> > > consuming software abounds that cannot even find and render strings
> > > containing the textual body strings content just because they are one
> > > layer further down in something as simple as CNT or some similar
> > > structure.
> > >  
> > > --Bob Morris
> > >  
> > > Robert A. Morris
> > >  
> > > Emeritus Professor of Computer Science
> > > UMASS-Boston
> > > 100 Morrissey Blvd
> > > Boston, MA 02125-3390
> > >  
> > > IT Staff
> > > Filtered Push Project
> > > Harvard University Herbaria
> > > Harvard University
> > >  
> > > email: morris.bob@gmail.com (mailto:morris.bob@gmail.com)
> > > web: http://efg.cs.umb.edu/
> > > web: http://filteredpush.org/mw/FilteredPush
> > > http://www.cs.umb.edu/~ram
> > > ===
> > > The content of this communication is made entirely on my
> > > own behalf and in no way should be deemed to express
> > > official positions of The University of Massachusetts at Boston or
> > > Harvard University.
> > >  
> > >  
> > > On Wed, Jan 9, 2013 at 10:21 AM, Bernhard Haslhofer
> > > <bernhard.haslhofer@cornell.edu (mailto:bernhard.haslhofer@cornell.edu)> wrote:
> > > > Hi,
> > > >  
> > > > I not yet finished with reviewing the entire draft, but I guess I can
> > > > already comment on this. My short answer is: I fully agree with Antoine's
> > > > perspective and prefer oa:hasBody to be typed as rdf:Property, which gives
> > > > the flexibility to attach both literals and resources. I also expressed this
> > > > concern before as part of the lessons we learned in our Maphub experiment.
> > > >  
> > > > I think if a body looks like a string, can be encoded as a string and
> > > > should be interpreted as a string, then it is probably a string and we
> > > > should not force people to represent it differently. Also, BNodes and/or
> > > > UUID nodes are non-trivial and to some extend controversial concepts and we
> > > > should not force developers who want to represent really simple annotations
> > > > in OA to get into this, if not required.
> > > >  
> > > > One argument that prevented us from allowing string bodies in the past
> > > > was that most annotations bodies won't be strings. However, in many OA
> > > > prototypes I have seen so far, bodies ARE simple strings; also in our own
> > > > cookbook examples almost half of the examples have bodies, which are also
> > > > simple strings. So I think we should take this into account and reconsider
> > > > this design decision.
> > > >  
> > > > The other argument is OWL-DL compatibility; and yes, if we want to
> > > > maintain this then we can either introduce an additional short-cut property,
> > > > continue with the current solution, or take Jacco's suggestion. However,
> > > > before we do this, I would ask how many use cases require OWL-DL
> > > > compatibility. In Maphub we don't need it and again, it seems that the
> > > > majority of annotation use cases does not rely on it. I certainly agree that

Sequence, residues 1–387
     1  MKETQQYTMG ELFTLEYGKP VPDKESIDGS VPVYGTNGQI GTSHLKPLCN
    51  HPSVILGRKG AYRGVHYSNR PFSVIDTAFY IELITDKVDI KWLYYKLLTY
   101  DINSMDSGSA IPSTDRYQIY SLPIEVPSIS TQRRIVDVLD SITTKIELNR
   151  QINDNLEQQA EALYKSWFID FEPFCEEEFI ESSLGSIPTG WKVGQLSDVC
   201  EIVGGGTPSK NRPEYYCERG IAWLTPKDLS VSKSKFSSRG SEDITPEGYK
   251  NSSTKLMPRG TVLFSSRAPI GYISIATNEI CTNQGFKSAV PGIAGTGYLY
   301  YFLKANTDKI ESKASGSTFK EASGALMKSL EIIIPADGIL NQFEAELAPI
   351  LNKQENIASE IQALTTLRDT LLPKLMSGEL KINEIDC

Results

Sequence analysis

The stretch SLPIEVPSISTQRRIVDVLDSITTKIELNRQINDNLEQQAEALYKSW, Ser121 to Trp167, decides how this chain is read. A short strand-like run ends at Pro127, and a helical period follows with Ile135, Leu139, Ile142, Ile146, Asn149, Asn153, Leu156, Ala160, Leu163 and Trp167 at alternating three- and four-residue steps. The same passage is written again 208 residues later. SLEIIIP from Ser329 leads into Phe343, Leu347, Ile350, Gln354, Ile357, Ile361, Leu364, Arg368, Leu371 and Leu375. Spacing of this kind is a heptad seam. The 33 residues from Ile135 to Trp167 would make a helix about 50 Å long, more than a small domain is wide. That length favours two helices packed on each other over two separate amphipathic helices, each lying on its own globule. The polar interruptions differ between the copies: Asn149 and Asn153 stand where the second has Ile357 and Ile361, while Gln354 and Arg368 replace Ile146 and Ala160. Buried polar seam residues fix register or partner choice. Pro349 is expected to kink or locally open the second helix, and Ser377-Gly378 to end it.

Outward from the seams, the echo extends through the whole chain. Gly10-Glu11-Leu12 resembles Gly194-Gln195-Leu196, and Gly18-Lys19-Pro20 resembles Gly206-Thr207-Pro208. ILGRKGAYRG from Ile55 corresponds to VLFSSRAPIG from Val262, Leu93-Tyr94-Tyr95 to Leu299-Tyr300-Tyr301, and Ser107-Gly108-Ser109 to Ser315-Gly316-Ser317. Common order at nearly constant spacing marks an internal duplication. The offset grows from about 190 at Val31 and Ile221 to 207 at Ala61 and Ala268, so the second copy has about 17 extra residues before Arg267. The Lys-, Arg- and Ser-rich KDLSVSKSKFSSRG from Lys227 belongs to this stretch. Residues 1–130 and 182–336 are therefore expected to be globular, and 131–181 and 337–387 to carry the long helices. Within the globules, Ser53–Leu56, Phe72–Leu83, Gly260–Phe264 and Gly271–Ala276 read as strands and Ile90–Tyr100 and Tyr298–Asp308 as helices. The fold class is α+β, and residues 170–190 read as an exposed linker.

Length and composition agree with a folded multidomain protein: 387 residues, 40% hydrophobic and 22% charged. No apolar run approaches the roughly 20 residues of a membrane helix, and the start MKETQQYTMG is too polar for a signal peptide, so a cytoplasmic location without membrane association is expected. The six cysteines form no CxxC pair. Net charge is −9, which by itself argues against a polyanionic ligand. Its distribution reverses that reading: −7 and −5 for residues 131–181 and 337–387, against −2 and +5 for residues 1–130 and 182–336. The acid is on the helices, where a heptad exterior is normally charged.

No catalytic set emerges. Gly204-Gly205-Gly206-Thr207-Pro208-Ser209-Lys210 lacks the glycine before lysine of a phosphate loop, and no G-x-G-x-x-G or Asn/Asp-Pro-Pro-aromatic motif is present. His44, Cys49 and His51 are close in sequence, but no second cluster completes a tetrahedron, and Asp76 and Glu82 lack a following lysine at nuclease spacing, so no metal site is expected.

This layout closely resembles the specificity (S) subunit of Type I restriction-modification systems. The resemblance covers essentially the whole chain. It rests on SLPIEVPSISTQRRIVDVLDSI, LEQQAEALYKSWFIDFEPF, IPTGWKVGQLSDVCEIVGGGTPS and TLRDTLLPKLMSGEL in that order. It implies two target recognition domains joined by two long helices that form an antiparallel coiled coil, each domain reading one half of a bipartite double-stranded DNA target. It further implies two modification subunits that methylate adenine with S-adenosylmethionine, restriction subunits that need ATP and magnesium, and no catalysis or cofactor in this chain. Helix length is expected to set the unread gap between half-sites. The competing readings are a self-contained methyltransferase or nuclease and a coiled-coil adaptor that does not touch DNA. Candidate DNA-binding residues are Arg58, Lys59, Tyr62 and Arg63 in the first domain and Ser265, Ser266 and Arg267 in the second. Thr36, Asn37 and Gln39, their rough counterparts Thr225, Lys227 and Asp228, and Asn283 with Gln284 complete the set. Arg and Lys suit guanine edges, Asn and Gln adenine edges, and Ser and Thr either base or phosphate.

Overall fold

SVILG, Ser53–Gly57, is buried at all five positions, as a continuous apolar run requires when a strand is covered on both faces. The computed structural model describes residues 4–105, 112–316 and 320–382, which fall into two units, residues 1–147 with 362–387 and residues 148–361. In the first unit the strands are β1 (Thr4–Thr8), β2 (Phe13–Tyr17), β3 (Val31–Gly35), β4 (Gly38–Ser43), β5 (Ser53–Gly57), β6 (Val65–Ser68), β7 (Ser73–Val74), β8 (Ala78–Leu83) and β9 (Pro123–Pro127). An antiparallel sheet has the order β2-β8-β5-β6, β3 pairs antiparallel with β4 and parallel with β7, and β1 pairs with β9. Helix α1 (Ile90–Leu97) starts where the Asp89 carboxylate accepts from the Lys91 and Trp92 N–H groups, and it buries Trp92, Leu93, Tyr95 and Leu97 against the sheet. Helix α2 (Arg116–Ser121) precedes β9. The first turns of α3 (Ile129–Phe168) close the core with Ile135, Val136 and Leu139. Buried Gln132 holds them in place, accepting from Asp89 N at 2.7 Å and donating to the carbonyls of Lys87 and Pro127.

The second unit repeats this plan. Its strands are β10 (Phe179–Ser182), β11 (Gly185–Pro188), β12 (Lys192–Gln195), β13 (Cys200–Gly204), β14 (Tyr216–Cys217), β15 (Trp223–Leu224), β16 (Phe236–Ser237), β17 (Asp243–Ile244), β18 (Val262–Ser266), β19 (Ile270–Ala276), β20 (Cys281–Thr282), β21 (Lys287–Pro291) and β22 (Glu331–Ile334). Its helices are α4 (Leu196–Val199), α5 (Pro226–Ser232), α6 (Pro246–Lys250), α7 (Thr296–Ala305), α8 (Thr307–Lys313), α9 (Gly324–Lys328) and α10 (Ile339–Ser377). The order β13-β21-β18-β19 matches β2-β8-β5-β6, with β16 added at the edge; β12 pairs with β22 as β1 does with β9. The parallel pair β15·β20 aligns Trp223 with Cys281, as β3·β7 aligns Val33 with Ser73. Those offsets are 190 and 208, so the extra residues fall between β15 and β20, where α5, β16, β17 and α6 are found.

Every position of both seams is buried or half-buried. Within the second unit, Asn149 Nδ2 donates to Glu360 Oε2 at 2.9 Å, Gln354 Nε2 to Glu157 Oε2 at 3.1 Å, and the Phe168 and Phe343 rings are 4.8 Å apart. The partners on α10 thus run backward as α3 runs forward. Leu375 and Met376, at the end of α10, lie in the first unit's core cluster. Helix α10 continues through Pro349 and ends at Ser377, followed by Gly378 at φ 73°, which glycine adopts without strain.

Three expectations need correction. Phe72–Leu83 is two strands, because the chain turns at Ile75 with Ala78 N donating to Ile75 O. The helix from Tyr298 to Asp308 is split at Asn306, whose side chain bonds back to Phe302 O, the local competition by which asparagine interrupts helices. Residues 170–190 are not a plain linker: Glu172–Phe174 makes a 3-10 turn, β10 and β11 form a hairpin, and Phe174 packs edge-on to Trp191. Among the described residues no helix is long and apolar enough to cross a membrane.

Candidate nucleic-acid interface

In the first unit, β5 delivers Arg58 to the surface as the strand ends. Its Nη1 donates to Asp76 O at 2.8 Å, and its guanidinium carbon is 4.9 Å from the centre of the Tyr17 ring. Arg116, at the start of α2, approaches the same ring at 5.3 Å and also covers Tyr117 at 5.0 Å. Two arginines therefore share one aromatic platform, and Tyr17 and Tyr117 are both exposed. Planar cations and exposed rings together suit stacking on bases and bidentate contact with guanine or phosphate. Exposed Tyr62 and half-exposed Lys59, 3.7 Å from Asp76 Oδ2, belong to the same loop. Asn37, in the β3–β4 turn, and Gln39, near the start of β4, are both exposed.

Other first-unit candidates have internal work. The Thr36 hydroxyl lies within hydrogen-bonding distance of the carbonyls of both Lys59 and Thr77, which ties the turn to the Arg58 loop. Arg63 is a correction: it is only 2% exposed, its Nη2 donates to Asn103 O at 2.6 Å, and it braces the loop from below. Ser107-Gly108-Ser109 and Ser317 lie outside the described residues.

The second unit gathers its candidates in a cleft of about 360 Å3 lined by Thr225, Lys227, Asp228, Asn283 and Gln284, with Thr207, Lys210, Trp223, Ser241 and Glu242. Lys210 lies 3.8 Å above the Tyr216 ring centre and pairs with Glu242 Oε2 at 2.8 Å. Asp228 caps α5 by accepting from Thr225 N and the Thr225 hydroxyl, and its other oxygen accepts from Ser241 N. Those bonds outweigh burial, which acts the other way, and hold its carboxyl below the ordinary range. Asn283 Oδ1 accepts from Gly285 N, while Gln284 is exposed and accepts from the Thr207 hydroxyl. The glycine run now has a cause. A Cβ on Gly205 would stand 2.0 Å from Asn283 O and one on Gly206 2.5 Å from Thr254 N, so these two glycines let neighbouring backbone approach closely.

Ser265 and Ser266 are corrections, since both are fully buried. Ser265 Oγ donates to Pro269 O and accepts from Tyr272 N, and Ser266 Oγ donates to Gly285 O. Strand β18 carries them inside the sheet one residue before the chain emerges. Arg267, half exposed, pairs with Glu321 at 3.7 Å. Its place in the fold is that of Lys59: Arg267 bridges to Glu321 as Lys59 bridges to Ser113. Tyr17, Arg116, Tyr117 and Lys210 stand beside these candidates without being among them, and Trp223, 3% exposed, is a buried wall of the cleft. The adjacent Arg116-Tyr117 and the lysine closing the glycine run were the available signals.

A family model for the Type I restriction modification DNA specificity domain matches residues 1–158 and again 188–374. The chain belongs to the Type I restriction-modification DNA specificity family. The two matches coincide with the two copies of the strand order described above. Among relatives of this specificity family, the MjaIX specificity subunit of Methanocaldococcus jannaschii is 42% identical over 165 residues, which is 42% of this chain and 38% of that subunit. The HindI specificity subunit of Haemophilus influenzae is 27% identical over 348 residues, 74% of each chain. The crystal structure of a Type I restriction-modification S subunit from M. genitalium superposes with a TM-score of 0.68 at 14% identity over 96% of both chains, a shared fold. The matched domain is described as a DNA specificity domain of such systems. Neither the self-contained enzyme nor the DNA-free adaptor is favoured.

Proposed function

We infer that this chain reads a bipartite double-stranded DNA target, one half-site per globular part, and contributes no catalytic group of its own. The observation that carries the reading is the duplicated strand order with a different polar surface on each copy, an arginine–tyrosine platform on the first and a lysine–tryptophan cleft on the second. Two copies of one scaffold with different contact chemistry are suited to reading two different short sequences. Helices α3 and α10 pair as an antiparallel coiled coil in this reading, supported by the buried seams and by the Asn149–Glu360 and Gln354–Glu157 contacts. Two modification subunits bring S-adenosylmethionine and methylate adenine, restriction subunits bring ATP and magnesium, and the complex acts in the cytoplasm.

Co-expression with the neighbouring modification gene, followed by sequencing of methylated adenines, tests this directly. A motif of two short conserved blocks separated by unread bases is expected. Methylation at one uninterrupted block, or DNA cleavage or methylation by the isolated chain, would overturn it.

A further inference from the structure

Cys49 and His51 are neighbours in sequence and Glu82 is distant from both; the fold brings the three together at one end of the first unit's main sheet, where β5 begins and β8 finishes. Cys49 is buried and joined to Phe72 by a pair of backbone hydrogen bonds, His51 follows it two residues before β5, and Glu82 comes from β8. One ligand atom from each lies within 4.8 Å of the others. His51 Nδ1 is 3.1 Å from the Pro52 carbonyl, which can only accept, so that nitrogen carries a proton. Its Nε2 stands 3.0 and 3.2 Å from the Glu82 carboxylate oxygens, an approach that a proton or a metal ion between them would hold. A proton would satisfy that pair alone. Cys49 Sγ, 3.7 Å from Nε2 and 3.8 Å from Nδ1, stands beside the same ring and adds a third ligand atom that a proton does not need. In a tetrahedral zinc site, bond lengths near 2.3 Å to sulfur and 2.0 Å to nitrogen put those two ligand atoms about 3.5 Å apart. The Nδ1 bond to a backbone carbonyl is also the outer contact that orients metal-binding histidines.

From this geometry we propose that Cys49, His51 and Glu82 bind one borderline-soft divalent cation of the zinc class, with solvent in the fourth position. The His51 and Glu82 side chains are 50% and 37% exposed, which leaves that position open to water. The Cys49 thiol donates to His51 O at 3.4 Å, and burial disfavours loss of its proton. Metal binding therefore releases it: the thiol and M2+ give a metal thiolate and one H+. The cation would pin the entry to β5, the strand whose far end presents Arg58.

> > > > some use cases will need it, but question if this should be the driving
> > > > design motivation. I think at the end it comes down to the question, if OA
> > > > should facilitate the construction of a formal annotation knowledge base or
> > > > if OA should facilitate sharing of annotations (data) and linkage of Web
> > > > resources. My personal preference is clearly the latter because I think it
> > > > is more down-to-earth.
> > > >  
> > > > Maybe it is also worth mentioning that many DBPedia properties are typed
> > > > as rdf:Property. Here is an example:
> > > > http://dbpedia.org/page/The_Shining_(film) … the producer of a movie can be
> > > > a resource (if more info is available) or simply a string (if only the name
> > > > is known). I mentioning this, because people are using DBPedia data and it
> > > > seems that people are generally happy with this design decision.
> > > >  
> > > > If people think that OWL-DL compatibility is a fundamental design
> > > > requirement for the OA model, then I like Jacco's suggestion. However, I
> > > > also want to point that the people might run into practical problems when we
> > > > allow bnodes. It is, for instance, hard to compute hashes over annotation
> > > > representation containing nodes that don't have names. Existing RDF
> > > > libraries, often assign internal ids to bnodes, but they change when an
> > > > annotation moves from system A to system B.
> > > >  
> > > > As a concrete step I propose:
> > > > - to allow simple literals for oa:hasBody and
> > > > - to change the type of oa:hasBody to rdf:Property and update the
> > > > corresponding examples in the spec
> > > > - provide guidelines in the appendix explaining how people who require
> > > > OWL-DL compatibility could transform OA data into a logically consistent
> > > > knowledge base.
> > > >  
> > > > Best,
> > > > Bernhard
> > > >  
> > > > ------
> > > > Bernhard Haslhofer
> > > > Lecturer, Postdoctoral Associate
> > > > Cornell University, Information Science
> > > > 301 College Avenue
> > > >  
> > > > bernhard.haslhofer@cornell.edu (mailto:bernhard.haslhofer@cornell.edu)
> > > > http://www.cs.cornell.edu/~bh392
> > > >  
> > > >  
> > > > On Sunday, January 6, 2013 at 10:51 AM, Antoine Isaac wrote:
> > > >  
> > > > > Dear all,
> > > > >  
> > > > > I've refrained from putting in my earlier comments some more
> > > > > discussion-level issues focusing on
> > > > > http://www.openannotation.org/spec/future/level1.html#BodyEmbed
> > > > >  
> > > > > "This model was chosen over having a literal as the Body directly for
> > > > > the following reasons:"
> > > > > I'm sorry, but I still don't buy most of the reasons. And I believe I
> > > > > won't be the only one...
> > > > > Going through individual points:
> > > > >  
> > > > >